The server subsystem can apply modifications that do not impact a user's experience in interacting with the resource. For example, if the user has requested a particular web page, the web page can be modified so that the modifications to the web code are generally transparent to the user. Thus, modifications to the web page generally will not affect the visible structure of the page, and the page can maintain the same functionality and other elements of a user's experience with the page as the unmodified page would present. For example, the server subsystem may replace the target in a link in a modified page, and although the user may notice that the URL does not appear to be connected to the site that he or she has visited, the text, location, and functionality of the link are all maintained. Selecting the link will still direct the user to intended target of the link, for example.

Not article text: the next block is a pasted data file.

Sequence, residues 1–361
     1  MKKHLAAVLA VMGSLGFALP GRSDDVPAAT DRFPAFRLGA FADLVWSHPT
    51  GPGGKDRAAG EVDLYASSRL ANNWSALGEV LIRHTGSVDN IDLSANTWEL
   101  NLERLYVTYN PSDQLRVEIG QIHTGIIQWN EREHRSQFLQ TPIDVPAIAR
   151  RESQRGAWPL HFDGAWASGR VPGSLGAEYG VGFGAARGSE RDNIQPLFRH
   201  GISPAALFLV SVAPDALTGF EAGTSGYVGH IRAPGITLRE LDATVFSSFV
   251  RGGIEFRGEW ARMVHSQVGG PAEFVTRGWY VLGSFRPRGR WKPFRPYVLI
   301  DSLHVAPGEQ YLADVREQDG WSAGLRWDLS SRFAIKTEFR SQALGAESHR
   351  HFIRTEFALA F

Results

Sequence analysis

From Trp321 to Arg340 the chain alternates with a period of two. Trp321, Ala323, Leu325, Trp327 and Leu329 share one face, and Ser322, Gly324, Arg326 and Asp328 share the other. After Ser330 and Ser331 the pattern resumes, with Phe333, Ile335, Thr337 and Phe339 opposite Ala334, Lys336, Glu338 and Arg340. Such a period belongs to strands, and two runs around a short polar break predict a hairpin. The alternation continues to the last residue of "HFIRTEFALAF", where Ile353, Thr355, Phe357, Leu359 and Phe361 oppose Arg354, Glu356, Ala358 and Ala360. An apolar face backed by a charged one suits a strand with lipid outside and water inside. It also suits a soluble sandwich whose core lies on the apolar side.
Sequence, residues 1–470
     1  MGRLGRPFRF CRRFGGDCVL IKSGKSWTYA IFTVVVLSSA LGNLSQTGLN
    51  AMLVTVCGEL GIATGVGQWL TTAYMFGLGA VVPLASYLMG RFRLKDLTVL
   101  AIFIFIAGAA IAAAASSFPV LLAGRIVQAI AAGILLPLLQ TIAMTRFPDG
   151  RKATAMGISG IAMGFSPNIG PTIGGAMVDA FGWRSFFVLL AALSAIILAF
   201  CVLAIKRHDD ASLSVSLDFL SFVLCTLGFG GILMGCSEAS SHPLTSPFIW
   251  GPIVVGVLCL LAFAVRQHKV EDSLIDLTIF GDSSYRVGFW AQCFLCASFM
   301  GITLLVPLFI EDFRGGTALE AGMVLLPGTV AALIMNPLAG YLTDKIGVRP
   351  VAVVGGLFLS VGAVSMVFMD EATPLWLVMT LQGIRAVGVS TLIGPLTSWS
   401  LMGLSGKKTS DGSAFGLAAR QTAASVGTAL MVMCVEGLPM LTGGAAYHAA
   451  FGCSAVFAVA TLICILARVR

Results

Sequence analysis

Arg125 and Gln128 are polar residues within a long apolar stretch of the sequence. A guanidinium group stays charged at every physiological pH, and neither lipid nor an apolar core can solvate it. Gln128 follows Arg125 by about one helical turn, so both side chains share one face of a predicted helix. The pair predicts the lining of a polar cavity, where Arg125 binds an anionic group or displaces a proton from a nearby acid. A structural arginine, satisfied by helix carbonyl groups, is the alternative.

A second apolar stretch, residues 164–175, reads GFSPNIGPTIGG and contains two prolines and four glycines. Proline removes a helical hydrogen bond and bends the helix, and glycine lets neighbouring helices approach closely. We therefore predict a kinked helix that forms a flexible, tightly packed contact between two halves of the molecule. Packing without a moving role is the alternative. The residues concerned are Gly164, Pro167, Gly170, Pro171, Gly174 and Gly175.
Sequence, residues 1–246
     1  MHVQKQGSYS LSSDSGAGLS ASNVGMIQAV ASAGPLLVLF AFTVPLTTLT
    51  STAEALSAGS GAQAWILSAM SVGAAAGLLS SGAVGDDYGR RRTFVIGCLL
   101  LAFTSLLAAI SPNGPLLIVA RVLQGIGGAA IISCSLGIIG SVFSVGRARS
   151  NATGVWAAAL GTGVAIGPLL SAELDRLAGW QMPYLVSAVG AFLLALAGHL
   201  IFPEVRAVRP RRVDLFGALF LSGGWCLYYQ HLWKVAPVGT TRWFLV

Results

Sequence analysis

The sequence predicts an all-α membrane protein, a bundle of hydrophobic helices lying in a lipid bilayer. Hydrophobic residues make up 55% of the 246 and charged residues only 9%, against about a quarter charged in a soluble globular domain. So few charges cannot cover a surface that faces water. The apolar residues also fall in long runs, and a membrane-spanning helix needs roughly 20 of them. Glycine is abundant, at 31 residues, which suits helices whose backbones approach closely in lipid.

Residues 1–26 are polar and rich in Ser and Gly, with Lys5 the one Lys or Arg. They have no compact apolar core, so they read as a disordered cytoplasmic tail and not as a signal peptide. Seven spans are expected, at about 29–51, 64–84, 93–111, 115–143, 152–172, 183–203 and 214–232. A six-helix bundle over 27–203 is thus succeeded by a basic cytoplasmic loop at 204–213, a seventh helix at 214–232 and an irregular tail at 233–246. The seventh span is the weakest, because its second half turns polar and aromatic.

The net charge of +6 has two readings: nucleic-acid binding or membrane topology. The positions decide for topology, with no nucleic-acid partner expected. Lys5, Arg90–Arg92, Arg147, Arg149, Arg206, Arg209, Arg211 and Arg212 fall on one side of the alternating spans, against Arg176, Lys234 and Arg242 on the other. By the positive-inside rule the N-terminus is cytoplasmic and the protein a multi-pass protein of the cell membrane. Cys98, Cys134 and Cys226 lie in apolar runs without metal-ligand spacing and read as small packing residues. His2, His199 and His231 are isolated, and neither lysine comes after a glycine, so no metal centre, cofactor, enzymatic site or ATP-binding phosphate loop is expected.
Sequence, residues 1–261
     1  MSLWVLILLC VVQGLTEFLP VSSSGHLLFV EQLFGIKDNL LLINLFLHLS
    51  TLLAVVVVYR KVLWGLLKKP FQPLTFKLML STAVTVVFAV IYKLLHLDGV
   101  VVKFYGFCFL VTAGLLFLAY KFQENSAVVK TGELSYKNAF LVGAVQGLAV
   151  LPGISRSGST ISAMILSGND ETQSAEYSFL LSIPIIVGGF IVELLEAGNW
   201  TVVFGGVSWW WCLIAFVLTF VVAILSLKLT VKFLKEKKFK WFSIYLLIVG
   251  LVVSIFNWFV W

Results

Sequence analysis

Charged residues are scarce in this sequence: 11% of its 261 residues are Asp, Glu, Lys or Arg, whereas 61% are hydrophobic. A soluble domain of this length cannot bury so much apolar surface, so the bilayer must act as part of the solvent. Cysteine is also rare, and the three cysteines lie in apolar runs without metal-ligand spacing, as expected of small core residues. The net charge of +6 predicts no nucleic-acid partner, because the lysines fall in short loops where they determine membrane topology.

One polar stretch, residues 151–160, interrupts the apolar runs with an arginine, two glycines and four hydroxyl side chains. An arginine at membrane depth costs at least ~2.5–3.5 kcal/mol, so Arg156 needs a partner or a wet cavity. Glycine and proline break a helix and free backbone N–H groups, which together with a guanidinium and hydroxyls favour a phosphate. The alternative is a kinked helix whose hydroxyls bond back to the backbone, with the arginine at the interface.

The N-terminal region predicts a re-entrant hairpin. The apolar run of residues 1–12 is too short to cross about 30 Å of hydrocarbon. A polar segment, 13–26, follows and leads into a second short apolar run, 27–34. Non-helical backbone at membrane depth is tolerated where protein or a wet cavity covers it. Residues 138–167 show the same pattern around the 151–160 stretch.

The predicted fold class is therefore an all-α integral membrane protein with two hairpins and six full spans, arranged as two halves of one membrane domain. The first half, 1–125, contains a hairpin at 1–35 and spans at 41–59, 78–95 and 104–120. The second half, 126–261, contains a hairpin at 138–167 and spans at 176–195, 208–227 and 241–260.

For some modifications, including those made on the implicit API of a resource, the modifications may be reversible. Reverse modifications may be necessary to decode a request based on a modified webpage. For example, if the server subsystem changed the target of a link from “securepage.html” to “Pr&4@k78”, and the user later selects the link and requests a resource identified by the obscured target “Pr&4@k78,” it becomes necessary to determine the original value that was replaced so that the web server can satisfy the user's intended request. In some implementations, each modified resource can be served by the server subsystem with a cookie added to the HTTP header, or some other identifier for the resource, that can be sent back to the server system in a request based on the modified page. The server subsystem can use the cookie or other identifier to access a table, database, or other data structure corresponding to the identifier that contains information for decoding the request. For instance, a translation table in the server subsystem for the webpage in the foregoing example may show that the original value for “Pr&4&k78” was “securepage.html,” and this value can be replaced in the request for the web server.